Brad nailer

Pneumatic pin, brad, and finish nailers make project assembly as simple as pulling a trigger. But these tools can also lead to costly (and painful) goofs if used improperly. Follow these pointers to get the most from any pneumatic nailer.

1. Don't leave 'em proud

Ideally, a nailer's driver should set the fastener about 116 " below the surface. Many newer nailers have on-tool mechanisms (shown below) to easily adjust drive depth. For nailers without on-tool adjustment, you can tweak the hose air pressure, and consequently fastener depth, using your compressor's regulator. Before using your freshly adjusted nailer, fire a few fasteners into a scrap piece of project stock to make certain they set to the correct depth. Keep in mind that hard or dense wood species, such as hickory or hard maple, may require additional air pressure to drive the fasteners.

Orange brad nailer with type

2. Rule of thumb: Keep it away!

The finer the fastener, the more likely it will follow the wood's grain when fired. Occasionally, that tendency to wander causes the fastener to blow out the side of a joint, as shown. Now imagine the nasty surprise if your fingers were there. Never place your hand in the path of an off-course nail.

To help prevent stray fasteners, move your nailer so the chiseled point of its fasteners runs perpendicular to the wood grain. That way, the point will cut across grain patterns rather than following them (as shown at below).

Chunk of wood and illustration

3. Mind your magazine

While assembling a big project, you may not realize when your nailer runs out of fasteners: Many nailers still fire, leaving an empty dimple in the wood. Every time you fire your nailer, its driver punches forward, and if there isn't a fastener in line below it to absorb the impact, the driver slams into the wood at full force—potentially rounding or chipping its edges with each fire. This can lead to nail jams, partially set fasteners, or a broken driver.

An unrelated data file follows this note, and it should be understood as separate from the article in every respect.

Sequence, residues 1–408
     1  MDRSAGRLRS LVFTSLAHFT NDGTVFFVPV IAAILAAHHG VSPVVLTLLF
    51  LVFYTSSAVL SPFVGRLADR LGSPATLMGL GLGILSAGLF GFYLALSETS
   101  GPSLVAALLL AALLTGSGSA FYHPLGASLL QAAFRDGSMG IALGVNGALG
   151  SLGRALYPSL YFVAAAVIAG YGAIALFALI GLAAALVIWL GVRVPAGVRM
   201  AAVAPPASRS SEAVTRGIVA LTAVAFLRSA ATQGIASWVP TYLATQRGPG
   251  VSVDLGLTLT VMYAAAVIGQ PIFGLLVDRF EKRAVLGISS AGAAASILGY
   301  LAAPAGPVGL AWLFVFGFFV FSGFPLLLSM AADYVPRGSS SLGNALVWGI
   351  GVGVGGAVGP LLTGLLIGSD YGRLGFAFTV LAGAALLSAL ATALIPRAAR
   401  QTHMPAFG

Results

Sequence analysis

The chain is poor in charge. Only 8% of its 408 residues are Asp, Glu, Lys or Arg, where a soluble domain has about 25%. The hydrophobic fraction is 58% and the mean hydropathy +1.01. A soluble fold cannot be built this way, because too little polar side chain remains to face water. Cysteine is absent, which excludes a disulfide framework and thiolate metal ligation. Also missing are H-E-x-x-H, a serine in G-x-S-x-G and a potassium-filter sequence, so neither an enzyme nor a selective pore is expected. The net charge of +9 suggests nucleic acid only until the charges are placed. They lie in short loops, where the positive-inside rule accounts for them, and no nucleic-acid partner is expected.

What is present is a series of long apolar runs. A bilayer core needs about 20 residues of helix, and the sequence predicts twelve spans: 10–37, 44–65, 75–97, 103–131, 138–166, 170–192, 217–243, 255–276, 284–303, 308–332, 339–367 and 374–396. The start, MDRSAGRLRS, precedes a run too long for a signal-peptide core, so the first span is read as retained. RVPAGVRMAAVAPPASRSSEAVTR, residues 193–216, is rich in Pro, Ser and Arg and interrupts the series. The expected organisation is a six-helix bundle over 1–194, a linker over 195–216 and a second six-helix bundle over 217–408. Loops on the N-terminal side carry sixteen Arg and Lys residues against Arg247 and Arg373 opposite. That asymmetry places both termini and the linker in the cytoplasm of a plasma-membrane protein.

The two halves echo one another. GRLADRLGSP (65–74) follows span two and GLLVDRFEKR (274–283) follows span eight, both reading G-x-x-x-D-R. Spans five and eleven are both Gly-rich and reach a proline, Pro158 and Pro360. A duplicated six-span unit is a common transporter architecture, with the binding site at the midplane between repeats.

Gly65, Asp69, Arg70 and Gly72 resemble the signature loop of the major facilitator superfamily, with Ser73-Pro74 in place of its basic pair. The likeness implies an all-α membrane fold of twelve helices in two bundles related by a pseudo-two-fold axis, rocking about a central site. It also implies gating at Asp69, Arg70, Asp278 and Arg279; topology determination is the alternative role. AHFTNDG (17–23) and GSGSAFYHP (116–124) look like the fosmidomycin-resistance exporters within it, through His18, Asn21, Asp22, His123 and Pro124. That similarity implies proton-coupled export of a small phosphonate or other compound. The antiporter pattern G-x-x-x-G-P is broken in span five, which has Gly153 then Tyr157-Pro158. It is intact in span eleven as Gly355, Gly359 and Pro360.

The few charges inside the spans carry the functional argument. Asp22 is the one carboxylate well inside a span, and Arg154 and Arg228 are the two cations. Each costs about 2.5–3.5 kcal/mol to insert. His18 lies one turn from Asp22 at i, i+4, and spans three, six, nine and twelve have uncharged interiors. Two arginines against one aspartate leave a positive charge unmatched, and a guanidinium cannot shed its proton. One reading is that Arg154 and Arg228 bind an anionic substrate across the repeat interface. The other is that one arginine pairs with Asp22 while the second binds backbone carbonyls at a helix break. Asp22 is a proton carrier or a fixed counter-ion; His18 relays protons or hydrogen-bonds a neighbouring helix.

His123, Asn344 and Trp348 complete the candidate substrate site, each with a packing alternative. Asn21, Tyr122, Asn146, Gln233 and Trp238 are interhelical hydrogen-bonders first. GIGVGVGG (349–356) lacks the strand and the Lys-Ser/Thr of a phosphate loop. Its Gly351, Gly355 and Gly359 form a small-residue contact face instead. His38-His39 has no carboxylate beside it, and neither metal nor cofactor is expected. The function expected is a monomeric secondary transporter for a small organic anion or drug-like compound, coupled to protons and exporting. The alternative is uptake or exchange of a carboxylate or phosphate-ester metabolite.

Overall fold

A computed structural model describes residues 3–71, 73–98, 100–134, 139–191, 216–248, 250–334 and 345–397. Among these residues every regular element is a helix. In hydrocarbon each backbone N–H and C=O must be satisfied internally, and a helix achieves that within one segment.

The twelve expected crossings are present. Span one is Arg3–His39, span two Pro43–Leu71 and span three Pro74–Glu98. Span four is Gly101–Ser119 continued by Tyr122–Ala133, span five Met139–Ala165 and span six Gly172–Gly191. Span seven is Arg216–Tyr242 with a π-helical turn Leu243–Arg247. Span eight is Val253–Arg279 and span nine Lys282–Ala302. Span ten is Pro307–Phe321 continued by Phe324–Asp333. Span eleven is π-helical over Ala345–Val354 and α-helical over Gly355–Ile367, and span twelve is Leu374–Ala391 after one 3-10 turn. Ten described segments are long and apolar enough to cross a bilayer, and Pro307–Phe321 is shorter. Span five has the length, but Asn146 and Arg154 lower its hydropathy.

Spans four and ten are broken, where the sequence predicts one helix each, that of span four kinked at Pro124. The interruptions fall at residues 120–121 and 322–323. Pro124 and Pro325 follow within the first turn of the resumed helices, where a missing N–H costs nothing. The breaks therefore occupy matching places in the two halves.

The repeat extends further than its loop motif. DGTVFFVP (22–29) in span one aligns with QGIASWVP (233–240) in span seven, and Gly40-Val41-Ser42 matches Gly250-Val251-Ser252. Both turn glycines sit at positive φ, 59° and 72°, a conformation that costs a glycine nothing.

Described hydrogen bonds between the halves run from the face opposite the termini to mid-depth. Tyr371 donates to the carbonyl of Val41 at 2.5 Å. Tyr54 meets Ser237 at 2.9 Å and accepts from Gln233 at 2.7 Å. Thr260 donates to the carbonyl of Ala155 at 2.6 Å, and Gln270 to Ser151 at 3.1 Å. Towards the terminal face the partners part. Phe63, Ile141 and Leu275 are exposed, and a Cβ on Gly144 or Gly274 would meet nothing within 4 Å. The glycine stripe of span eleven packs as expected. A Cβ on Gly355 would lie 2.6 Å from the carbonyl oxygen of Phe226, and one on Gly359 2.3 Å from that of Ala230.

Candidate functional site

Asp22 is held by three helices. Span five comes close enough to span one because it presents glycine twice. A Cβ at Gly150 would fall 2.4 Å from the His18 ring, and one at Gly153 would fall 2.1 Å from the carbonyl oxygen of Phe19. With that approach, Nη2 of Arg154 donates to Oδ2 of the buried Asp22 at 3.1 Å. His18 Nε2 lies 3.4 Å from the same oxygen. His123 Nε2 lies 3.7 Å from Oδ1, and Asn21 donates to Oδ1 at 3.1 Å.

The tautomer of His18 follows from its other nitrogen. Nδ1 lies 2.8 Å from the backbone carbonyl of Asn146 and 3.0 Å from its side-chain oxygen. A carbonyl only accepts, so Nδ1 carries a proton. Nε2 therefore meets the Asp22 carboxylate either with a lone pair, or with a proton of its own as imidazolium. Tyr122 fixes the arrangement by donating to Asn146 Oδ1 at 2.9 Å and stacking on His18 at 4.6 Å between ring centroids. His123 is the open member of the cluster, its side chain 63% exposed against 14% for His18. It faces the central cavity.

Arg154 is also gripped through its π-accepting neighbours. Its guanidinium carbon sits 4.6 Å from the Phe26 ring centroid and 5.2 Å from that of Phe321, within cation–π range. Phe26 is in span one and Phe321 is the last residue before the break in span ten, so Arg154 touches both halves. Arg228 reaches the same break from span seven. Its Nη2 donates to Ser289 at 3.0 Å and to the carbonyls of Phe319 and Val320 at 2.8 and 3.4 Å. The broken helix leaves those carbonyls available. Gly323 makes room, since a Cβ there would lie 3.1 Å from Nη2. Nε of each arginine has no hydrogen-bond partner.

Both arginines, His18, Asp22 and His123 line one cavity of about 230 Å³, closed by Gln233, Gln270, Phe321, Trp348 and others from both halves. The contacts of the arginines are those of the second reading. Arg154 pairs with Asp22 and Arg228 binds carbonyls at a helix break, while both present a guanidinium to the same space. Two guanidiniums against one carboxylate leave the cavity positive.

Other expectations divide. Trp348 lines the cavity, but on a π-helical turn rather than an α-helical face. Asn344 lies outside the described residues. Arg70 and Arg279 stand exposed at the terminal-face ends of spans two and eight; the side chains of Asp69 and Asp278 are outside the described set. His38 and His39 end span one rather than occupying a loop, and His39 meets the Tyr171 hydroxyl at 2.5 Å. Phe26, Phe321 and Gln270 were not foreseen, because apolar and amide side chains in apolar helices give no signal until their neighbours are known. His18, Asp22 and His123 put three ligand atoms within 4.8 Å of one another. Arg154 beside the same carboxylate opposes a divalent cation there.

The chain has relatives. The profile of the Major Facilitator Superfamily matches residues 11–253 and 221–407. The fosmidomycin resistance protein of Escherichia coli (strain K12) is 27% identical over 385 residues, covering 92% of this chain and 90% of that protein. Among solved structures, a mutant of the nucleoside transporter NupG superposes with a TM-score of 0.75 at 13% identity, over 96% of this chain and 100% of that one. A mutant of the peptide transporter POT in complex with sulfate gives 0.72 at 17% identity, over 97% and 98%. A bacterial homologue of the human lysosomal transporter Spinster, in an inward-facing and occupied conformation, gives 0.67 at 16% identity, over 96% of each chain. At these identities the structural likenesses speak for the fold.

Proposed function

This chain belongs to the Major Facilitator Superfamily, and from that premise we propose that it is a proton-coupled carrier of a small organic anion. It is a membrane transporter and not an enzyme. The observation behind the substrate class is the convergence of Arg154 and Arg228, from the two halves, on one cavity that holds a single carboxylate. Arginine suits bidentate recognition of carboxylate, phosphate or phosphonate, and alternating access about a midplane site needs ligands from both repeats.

To prevent this, make a habit of checking the nailer's magazine before you begin a nailing session, and keep an eye on your nailer's reload indicators, as shown above.

4. Put the pins in properly

Pinners shoot fasteners with no crowns or heads, making it difficult to determine which end is the point. Fortunately, pin manufacturers print arrows on fastener sticks to ensure that you load them chisel-point-down.

Loading them backwards can cause the tool's driver to strike the chiseled point, likely driving it with a glancing blow that leaves the pin proud of the wood. If done repeatedly, this can deform the tool's driver until it won't work properly.

Green nailer

5. Try a lighter touch

If you find an extra dimple near a nail hole (below), it likely resulted from pressing down too hard on the tool when pulling the trigger. Slight recoil from the nailer causes it to lift off the workpiece, and with the operator pushing down forcefully, the nose of the nailer strikes the wood again.

When using a nailer, apply just enough pressure to depress the nose tip. Depending on the weight of your nailer, you may not need to press down at all before firing.

Nail hole and dent in wood